Robert Crease at AAAS annual meeting.
More than 1 billion people watched as CERN’s Large Hadron Collider (LHC) started up on September 10, 2008, a news event that MSNBC reporter Alan Boyle called “bigger than Britney.” He’s referring, of course, to pop star Britney Spears, whose re-entry to the music scene at the 2008 MTV Video Music Awards garnered about 60 news articles that day in September. The LHC, meanwhile, made the pages of the world’s press more than 4,000 times.
The fact that the LHC is the world’s largest and most powerful accelerator had a lot to do with the attention shift from the pop princess to particle physics, as did the prospect of discovering well-hidden physics superstars like dark matter, supersymmetry, and the Higgs boson. But a large segment of those watching the LHC’s very beginnings were likely interested in something else entirely: the creation of black holes, strangelets, and vacuum bubbles – “doomsday” scenarios centered around the massive machine.
“Of the billions who tuned in for the switch-on, I suspect that many were only interested in seeing whether or not we would be blown to smithereens,” said LHC physicist John Ellis, who spoke with Boyle and Stony Brook University Philosophy Department Chair Robert Crease at the 2010 annual meeting of the American Association for the Advancement of Science (AAAS). The “Doomsday Versus Discovery” symposium, hosted by CERN and Fermi National Accelerator Laboratory, was held on February 21 at the San Diego Convention Center.
During the session, Crease, who has documented many years of Brookhaven’s history, explained that science-based doomsday scenarios existed long before the LHC and that these predictions often reflect upon people’s fears and anxieties of the time. For example, Crease said, prior to World War I, two-thirds of the existing doomsday scenarios were based on natural causes, and after the war, two-thirds were tied to humans.
The possible dangers of producing “abnormal matter” in a collider were first discussed at a science conference in 1974 in Bear Mountain, NY, Crease said. Since then, the discussion – and associated outcries from the public and the press – continued at numerous accelerators, including Lawrence Berkeley National Laboratory’s Bevalac, Michigan State University’s National Superconducting Cyclotron Laboratory, and, most recently, at Brookhaven’s Relativistic Heavy Ion Collider (RHIC), where the question of Earth-swallowing black holes and matter-devouring strangelets first entered the arena.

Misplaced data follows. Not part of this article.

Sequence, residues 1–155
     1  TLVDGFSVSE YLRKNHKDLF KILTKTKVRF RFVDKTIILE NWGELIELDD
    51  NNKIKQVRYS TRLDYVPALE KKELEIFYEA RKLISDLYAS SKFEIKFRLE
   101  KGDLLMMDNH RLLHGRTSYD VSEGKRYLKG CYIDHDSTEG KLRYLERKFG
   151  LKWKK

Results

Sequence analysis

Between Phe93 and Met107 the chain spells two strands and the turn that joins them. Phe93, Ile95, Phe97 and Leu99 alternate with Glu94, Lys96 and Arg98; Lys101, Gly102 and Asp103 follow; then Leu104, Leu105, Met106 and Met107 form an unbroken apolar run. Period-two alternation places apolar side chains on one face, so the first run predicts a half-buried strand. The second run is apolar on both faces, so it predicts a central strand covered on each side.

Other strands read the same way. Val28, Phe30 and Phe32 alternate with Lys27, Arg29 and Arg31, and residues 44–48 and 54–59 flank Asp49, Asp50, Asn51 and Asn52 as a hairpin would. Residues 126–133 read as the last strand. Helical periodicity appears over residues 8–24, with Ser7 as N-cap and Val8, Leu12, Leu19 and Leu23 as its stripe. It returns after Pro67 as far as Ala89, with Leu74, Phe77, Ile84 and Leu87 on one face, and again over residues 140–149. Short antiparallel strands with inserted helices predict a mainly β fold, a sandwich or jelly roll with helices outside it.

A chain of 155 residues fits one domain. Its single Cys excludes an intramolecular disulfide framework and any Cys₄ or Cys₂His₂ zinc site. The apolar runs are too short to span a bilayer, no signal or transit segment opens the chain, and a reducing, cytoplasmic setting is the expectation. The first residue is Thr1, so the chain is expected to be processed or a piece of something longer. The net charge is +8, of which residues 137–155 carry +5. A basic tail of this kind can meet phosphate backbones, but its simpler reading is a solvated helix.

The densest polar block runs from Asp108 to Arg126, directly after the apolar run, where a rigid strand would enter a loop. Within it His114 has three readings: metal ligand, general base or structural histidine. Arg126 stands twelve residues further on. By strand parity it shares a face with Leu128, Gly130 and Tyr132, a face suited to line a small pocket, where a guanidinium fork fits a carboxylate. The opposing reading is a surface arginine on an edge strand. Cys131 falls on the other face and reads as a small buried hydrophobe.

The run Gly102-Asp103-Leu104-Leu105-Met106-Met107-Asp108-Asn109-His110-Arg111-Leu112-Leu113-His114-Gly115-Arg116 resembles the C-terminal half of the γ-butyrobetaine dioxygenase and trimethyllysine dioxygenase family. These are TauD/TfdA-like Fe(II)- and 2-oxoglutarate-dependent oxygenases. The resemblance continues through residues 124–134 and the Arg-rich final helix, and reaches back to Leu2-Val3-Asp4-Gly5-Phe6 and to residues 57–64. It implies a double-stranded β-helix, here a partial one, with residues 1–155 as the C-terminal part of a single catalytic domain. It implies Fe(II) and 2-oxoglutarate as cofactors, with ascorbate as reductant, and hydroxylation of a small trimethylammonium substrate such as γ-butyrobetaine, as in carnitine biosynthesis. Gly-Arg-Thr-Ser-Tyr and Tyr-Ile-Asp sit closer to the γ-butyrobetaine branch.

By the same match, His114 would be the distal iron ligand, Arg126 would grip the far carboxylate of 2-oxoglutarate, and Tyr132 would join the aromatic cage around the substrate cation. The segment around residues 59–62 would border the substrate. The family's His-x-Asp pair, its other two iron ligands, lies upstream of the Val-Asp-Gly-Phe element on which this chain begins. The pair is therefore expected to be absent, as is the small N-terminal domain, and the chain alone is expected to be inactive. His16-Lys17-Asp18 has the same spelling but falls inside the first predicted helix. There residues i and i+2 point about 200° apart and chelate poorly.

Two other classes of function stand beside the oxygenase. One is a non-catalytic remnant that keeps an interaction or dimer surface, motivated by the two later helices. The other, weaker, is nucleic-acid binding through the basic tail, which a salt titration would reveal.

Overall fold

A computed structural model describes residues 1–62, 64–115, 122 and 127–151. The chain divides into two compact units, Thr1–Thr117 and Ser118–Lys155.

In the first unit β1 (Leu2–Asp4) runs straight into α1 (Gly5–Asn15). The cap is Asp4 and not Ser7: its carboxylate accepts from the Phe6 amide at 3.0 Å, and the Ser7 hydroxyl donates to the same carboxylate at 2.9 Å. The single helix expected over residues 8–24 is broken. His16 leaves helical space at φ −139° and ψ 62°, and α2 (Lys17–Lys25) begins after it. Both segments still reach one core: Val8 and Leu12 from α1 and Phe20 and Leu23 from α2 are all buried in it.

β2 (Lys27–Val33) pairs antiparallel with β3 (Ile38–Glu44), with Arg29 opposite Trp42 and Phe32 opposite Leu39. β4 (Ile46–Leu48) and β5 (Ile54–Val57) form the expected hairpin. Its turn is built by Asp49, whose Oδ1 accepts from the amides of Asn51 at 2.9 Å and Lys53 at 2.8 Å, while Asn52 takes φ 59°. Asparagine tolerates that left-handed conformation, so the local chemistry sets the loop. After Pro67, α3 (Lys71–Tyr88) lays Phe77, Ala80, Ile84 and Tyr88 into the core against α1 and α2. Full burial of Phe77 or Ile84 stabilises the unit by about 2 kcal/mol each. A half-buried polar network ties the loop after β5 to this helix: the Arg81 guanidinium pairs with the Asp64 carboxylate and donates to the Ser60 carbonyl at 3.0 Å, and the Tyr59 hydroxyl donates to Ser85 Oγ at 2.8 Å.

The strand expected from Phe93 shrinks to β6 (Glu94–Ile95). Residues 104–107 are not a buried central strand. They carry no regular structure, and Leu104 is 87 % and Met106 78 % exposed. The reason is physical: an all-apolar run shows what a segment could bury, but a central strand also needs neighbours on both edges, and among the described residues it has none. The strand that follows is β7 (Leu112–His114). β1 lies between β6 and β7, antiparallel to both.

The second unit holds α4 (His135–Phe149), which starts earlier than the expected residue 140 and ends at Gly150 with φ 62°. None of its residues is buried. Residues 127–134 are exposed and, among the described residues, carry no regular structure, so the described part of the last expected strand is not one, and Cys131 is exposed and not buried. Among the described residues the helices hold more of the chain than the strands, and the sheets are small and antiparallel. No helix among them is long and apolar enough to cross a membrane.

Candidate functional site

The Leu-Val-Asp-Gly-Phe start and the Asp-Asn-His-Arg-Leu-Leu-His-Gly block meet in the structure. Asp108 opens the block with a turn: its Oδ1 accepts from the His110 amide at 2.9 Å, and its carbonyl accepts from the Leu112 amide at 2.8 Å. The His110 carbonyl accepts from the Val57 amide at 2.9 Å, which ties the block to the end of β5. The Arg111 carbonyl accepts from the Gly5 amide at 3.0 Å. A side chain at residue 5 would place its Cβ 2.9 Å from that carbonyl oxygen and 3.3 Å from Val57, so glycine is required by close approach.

As a last-minute attempt to stop RHIC from turning on, the facility was sued in federal court in 2000, while the purported dangers of the “Big Bang Machine” circulated through national and international media outlets. The machine’s safety was carefully examined by a group of distinguished physicists, who found no reason for alarm. The suit was dismissed. The collider started up. And the world keeps turning.
“RHIC didn’t produce strangelets, and, according to theory, the LHC will produce even fewer strangelets than what RHIC has not produced,” said Ellis, a member of the LHC Safety Assessment Group, which like RHIC’s safety committee, found no potential risks associated with its machine.
In fact, cosmic rays have been interacting with the Earth’s atmosphere at energies equal to or far exceeding those of LHC collisions for billions of years, Ellis said, and the planet still exists.
“It’s estimated that the entire LHC experimental program has already been conducted on Earth by cosmic rays about 100,000 times,” he said.
But the doomsday scenarios likely will continue throughout the future of the LHC and the next-generation of particle colliders, said Crease, who stands by history as the best defense against the perpetuation of these fears.
“The best thing you can do is hold up a mirror to them,” he said. “We have to expose the atmosphere in which these things get distorted.”
2010-1653 INT/EXT | Media & Communications Office
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